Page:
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Recchi behind the bench will be "seamless fit"

by Michelle Crechiolo @PensInsideScoop / Penguins Team Reporter

On Tuesday, the Penguins named Mark Recchi as an assistant coach to replace Rick Tocchet, who was named head coach of the Arizona Coyotes. And when discussing what the transition behind the bench would be like for Recchi, both he and Penguins head coach Mike Sullivan used the word "seamless."

"Obviously 'Tocc' is a real good coach and a great person, and is a tough guy to replace as a coach, but I can't think of a better guy than 'Rex' to do that," Sullivan said of Recchi, who will assume the duties handled by Tocchet - which include running the team's forwards and working closely with Sullivan on the power play. 

There's a number of reasons.

* First and foremost, his playing career. Recchi was elected to the Hockey Hall of Fame on June 26 as one of seven members of the Class of 2017 following a career where he finished as the NHL's 12th all-time leading scorer with 1,533 points in 1,652 games. He won the Stanley Cup three times (Pittsburgh, 1991; Carolina, 2006; Boston, 2011), becoming one of just 10 players from the modern era to win a championship with three different teams. Recchi's longevity and pedigree are impressive. Players have remarked about Tocchet's ability to relate to them as players having produced such a successful career, and Sullivan knows Recchi will do the same.

"(Recchi) is a very similar type personality (to Tocchet) in the sense that he's such an accomplished player," Sullivan said. "He'll get instant credibility with the career he's had as a player and that speaks for itself. Not only how elite he was as a player, but just the longevity. I think it speaks to his character - his ability to play that many years and help different teams win Stanley Cups - and play different roles. I know our players have so much respect for him already, and that's one of the reasons we're so excited to have Rex join our staff."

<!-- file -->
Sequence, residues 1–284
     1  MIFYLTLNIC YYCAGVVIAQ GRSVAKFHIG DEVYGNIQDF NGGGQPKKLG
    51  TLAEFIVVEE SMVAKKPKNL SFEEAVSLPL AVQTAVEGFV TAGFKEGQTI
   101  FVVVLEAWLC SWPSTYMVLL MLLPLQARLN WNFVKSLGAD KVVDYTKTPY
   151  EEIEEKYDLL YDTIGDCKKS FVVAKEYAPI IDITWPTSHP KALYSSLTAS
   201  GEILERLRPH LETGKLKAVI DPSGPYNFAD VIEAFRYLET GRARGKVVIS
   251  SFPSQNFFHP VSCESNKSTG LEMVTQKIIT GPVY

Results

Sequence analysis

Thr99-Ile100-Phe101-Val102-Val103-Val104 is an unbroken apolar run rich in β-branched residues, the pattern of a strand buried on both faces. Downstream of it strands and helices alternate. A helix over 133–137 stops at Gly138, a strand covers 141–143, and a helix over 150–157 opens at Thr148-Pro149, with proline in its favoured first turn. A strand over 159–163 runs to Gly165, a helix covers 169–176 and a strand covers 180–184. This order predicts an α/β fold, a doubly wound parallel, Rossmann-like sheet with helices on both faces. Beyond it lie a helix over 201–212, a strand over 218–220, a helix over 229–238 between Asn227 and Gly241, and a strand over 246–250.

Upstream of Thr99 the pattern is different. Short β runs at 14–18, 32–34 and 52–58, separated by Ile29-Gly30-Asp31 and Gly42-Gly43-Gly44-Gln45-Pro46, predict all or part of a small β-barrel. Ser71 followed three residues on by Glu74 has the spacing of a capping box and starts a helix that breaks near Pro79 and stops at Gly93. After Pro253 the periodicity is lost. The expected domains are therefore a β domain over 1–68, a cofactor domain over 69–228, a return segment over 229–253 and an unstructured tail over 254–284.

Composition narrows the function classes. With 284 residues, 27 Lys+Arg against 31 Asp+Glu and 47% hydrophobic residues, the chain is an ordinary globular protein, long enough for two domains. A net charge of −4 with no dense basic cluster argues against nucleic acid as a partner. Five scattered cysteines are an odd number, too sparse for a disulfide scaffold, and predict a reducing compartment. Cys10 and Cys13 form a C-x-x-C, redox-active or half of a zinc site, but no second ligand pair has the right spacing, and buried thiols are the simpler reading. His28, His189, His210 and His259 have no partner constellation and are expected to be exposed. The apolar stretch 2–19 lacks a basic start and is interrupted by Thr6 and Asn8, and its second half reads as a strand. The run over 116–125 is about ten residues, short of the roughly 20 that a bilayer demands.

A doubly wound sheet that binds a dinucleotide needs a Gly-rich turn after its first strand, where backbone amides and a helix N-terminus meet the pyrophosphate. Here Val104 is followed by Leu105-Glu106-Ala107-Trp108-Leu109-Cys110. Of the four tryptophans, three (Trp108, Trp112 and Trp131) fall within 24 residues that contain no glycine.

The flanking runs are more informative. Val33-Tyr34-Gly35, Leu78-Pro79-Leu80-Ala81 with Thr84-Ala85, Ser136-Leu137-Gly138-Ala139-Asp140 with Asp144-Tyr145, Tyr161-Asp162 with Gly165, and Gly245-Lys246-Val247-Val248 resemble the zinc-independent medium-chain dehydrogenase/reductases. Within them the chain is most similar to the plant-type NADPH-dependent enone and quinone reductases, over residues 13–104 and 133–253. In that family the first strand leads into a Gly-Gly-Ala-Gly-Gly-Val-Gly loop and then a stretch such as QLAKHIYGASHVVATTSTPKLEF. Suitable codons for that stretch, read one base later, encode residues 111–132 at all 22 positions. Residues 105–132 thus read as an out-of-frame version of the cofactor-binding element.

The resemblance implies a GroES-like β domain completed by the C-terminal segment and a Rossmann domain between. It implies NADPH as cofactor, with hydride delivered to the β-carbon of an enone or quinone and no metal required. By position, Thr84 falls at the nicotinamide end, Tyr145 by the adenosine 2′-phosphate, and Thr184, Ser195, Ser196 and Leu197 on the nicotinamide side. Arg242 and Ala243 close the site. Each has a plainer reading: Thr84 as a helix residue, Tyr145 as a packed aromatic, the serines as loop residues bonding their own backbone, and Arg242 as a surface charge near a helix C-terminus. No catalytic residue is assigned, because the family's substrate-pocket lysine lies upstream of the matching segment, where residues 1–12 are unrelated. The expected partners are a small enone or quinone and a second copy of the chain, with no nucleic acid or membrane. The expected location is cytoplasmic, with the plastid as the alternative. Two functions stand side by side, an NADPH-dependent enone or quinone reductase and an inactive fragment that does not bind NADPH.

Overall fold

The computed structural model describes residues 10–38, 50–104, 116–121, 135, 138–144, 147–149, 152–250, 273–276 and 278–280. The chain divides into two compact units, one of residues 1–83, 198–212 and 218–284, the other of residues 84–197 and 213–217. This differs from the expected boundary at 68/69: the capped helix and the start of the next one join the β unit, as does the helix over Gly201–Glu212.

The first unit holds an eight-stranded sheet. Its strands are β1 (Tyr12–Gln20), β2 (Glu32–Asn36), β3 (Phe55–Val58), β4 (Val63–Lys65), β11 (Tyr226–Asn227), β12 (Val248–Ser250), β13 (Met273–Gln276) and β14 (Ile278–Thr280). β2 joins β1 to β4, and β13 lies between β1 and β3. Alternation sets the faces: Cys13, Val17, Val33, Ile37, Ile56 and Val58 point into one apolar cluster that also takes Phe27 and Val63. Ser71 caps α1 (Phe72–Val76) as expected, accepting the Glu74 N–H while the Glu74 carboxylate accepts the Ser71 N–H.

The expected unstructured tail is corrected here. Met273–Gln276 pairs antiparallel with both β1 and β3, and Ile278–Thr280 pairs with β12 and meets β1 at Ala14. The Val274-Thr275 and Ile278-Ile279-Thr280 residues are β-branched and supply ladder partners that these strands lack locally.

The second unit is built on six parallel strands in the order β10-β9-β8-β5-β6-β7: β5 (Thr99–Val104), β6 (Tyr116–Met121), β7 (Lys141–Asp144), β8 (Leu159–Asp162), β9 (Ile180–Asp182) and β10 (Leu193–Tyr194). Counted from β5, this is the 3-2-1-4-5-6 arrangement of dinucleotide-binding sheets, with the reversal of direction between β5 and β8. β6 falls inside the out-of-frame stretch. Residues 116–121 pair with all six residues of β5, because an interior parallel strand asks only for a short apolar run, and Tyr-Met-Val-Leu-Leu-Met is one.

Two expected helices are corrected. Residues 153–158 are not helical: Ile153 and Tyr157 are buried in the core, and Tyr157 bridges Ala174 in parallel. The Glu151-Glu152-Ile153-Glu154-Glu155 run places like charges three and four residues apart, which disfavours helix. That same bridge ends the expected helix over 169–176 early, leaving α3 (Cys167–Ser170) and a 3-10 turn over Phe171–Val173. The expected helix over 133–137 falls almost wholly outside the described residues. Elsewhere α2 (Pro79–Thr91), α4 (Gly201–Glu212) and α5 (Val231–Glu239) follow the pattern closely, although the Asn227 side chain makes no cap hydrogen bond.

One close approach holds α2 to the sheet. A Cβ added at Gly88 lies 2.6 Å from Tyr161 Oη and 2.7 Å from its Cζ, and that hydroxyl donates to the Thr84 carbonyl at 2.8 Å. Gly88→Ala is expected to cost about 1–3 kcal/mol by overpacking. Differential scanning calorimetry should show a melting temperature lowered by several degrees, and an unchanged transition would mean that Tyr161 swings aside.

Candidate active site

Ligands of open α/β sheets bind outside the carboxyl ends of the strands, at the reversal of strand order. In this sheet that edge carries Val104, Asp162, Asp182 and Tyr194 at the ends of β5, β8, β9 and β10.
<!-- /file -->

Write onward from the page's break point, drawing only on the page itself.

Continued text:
* Secondly, Recchi wasn't just any player - he was a teammate of several current Penguins during his career. When Sidney Crosby entered the league in 2005, Recchi was his first linemate and factored into both his first point (an assist on a Recchi goal) and his first goal (Recchi got the assist). He also spent time playing alongside Evgeni Malkin. Few, if any, coaches in the league can say they've played with the two-headed monster, so it will offer Recchi a unique perspective.

"I think it definitely helps," Recchi said. "They were young men when they started with me and just being around them and seeing the drive they had and playing with both of them, on lines extensively at times, it's definitely going to help."

It also helps having been around them in a front-office role the last three seasons and watching how they interacted with Sullivan and Tocchet.

"They are very competitive people and there's a reason why they've got three championships," Recchi said. "They thrive on competition, they thrive on the challenge and I'm excited to get in there and help them go through this. There's always going to be times when you're going to have challenges throughout the year. You're going to have to sit down and talk to them and they're going to want to talk to me, and I think I have that relationship that's already there that will just help the transition very easily."

That goes for Phil Kessel as well, somebody who was close with Tocchet but also has a rapport with Recchi.

"He already has a great relationship with Phil," Sullivan said. "We've used Rex over the last couple of seasons with Phil to try to help him grow his game and develop his game in different areas that we were trying to help Phil."

Sullivan went on to praise Recchi's "instant credibility" with the Penguins not just as a fellow player, but also as a coach.